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Online Sales Tax or Internet Poker in 2012?

July 22nd, 2012 1 comment

Proponents of an online sales tax and of the legalization and regulation of internet poker received some intriguing news last week.

First, the possible federal online sales tax.

Amazon has recently reached agreements with several states to collect and remit sales tax on purchases in those states. One problem with this piecemeal approach, however, is that online retailers are stuck with the burdensome task of complying with each state’s different regime. Plus, not all states have entered into such agreements.

Last Thursday, Senate Majority Leader Harry Reid made remarks regarding possible online sales tax legislation, predicting it could pass this year, according to The Hill.

This WSJ piece provides additional background about the online sales tax issues and points of contention among lawmakers and lobbyists.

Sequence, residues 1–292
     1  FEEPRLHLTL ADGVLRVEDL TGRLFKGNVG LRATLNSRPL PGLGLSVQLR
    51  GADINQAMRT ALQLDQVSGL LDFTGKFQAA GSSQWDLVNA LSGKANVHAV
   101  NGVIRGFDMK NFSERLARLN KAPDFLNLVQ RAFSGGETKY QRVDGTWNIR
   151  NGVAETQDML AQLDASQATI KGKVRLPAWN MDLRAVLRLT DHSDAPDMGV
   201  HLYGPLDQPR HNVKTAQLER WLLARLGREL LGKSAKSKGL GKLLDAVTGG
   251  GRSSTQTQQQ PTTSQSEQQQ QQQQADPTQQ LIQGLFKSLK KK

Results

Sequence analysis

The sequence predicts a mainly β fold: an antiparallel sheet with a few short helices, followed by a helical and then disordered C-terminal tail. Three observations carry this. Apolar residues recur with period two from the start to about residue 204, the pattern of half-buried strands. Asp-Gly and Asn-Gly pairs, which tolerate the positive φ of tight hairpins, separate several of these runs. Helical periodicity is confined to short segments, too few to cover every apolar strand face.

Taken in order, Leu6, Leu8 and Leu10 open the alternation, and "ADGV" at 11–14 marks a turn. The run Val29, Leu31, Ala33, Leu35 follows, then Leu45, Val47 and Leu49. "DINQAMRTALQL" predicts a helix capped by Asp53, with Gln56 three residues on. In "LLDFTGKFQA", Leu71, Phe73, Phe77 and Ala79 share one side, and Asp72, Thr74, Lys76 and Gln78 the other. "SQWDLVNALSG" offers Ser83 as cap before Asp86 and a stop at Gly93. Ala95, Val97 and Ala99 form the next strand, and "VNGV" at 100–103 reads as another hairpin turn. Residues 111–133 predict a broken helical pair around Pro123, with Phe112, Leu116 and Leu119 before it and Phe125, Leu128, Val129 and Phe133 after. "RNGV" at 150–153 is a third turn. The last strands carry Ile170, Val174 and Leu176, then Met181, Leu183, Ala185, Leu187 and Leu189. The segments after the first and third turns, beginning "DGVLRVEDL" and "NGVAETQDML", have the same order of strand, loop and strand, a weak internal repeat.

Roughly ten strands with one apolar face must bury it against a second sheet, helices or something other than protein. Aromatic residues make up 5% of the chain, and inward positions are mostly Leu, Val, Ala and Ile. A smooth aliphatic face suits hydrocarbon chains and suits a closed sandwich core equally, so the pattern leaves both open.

Second, internet poker.

Since the Department of Justice shifted its stance on the Wire Act last December, states have taken steps to legalize and regulate intrastate online gambling. Similar to the online sales tax issue, a state-by-state approach presents a variety of compliance obstacles for companies seeking to run internet poker websites licensed in the U.S.

The Las Vegas Review-Journal is reporting Senator Dean Heller (R-NV) is working to persuade fellow GOP lawmakers in Congress to support internet poker legislation. Senator Reid and Senator Kyl have reportedly agreed on a bill framework, although the bill hasn’t surfaced yet.

Reid has said he wants the internet poker sites run by Nevada gaming companies. This position has drawn the ire of Native American tribes and state lotteries, among other parties, who also want a piece of the action. In fact, this Thursday the U.S. Senate Committee on Indian Affairs will hold a hearing on the regulation of tribal gaming, to disuss both brick and mortar and internet gaming issues.

As for whether 2012 is the year legislation is passed in Congress, both issues face similar hurdles. Either bill would likely need to be attached to a legislative vehicle, and there aren’t many remaining. GOP support may be lacking as well. Of course, there’s always the lame duck session, but as The Hill notes, bigger ticket issues such as Bush-era tax rates and automatic spending cuts will likely dominate that agenda.